We were lucky when we bought our house in Houston, Texas as it already had a gorgeous Confetti Lantana that draws lots and lots of butterflies. Butterfly gardens are one of the prettiest types of gardens you can plant, as butterflies love color. Planting a butterfly garden is very easy to do in Houston, Texas, as there are so many plants, flowers and shrubs here that will bring butterflies flocking to your yard. Just follow a few simple guidelines and tips and you’ll be enjoying your butterflies in no time.
To attract butterflies to your Houston, Texas garden, you’ll need to plant nectar plants (for the butterflies to feed from) as well as host plants (where they complete their lifecycles – egg, caterpillar, chrysalis, butterfly.) Some butterflies you are likely to see in Houston, Texas include Monarchs, Queen Butterflies, Sulphur Butterflies, Gulf Fritillaries, Zebra Longwings (rare), and Giant, Pipevine, Polydamas and Black Swallowtails.
Nectar plants. Nectar plants usually make for a lovely garden, and butterflies will alight on the flowers to sip delicately. Plant nectar flowers in groups, and remember that the more color you have, the more butterflies you will attract to your Houston, Texas garden. Also try to plant flowers with different bloom seasons, so that there will be a constant supply of nectar. Zinnias, bee balm, cupheas and the above mentioned lantana are all great nectar plants for your Houston, Texas garden.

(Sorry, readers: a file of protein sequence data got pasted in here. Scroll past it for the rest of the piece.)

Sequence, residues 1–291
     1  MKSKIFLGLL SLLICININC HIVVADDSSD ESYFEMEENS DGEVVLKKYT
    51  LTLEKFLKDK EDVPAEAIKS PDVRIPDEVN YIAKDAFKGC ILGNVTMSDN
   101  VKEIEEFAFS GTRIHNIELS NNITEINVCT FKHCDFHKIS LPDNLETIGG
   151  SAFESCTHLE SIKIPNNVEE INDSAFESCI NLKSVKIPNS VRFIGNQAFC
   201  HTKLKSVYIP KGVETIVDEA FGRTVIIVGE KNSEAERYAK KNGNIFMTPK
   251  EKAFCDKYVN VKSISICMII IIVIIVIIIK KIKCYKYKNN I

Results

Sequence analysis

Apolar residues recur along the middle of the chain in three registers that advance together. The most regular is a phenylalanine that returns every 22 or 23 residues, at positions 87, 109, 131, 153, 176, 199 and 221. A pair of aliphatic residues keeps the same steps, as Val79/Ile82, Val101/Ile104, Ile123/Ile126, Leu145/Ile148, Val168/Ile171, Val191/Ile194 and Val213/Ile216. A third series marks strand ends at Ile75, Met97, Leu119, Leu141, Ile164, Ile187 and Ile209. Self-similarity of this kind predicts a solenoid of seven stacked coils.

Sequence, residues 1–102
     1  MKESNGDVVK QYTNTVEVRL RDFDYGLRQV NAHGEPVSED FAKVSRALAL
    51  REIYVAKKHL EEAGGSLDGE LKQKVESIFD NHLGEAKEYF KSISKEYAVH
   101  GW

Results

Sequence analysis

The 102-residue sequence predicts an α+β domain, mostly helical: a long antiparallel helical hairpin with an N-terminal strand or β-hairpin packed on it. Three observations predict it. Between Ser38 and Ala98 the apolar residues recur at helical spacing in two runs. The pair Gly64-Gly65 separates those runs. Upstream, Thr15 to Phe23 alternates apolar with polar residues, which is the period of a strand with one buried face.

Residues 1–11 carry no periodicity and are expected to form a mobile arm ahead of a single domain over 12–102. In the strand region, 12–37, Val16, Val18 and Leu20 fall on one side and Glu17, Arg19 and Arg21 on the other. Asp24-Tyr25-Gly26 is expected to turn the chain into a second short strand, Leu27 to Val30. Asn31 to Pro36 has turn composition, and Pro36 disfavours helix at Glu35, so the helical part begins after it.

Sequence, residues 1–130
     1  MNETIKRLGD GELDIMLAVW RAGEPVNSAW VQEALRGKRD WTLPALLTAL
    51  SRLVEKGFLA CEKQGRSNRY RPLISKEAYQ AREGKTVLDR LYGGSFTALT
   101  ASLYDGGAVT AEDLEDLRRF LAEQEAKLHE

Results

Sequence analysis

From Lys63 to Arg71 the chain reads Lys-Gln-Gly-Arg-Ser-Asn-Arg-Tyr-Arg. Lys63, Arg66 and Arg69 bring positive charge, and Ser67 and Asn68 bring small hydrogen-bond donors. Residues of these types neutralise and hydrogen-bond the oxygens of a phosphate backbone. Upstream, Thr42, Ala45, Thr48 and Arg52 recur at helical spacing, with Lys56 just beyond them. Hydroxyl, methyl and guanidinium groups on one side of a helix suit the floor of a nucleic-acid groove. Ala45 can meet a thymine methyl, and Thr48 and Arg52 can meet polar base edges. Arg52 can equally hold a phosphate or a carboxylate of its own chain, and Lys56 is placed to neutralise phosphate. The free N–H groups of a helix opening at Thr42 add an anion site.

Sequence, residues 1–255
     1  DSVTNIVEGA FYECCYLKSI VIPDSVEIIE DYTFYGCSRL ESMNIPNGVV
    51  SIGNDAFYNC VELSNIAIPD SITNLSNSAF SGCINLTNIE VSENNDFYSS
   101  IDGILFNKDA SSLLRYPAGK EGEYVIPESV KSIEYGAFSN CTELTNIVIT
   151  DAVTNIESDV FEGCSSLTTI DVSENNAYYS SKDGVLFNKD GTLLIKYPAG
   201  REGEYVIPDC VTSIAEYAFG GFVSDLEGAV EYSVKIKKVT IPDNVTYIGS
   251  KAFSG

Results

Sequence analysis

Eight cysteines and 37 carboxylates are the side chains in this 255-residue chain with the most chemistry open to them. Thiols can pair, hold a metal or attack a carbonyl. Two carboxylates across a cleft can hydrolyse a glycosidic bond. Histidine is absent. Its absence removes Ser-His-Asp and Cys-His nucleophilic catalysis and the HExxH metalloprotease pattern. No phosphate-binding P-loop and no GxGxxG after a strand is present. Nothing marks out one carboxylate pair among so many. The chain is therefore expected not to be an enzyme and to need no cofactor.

Host plants. You’ll need host plants, too, in your Houston, Texas garden. Some of these aren’t as pretty as plants that just feed your butterflies, but those little beauties need a place to lay their eggs, eat when they are caterpillars, and form their chrysalises. If your host plants look well bitten, that is a great sign. Many varieties of butterflies are particular about their host plants, so if you are looking to draw a certain species of butterfly to your Houston, Texas garden, find out what type of host plant they prefer (and then plant it!) For example, Monarchs prefer milkweed, and the Black Swallowtail is drawn to dill, parsley and fennel.
Don’t use pesticides or other chemicals on or near your butterfly garden, as it will kill your butterflies. The same goes for “organic” pesticides. Anything meant to kill a pest could interpret that as a caterpillar (i.e. a baby butterfly) or an adult butterfly.
When you purchase plants from nurseries and garden centers, sit them outside away from your butterfly garden to give any pesticides and other chemicals a chance to dissipate. This goes for “organic” plant centers, too. (Sorry, I’m a skeptic.)
You can also purchase butterfly houses to try and encourage butterflies to stay in your yard. These are usually wooden houses similar to bird boxes but with narrow slits that keep birds out. To purchase butterfly houses click here.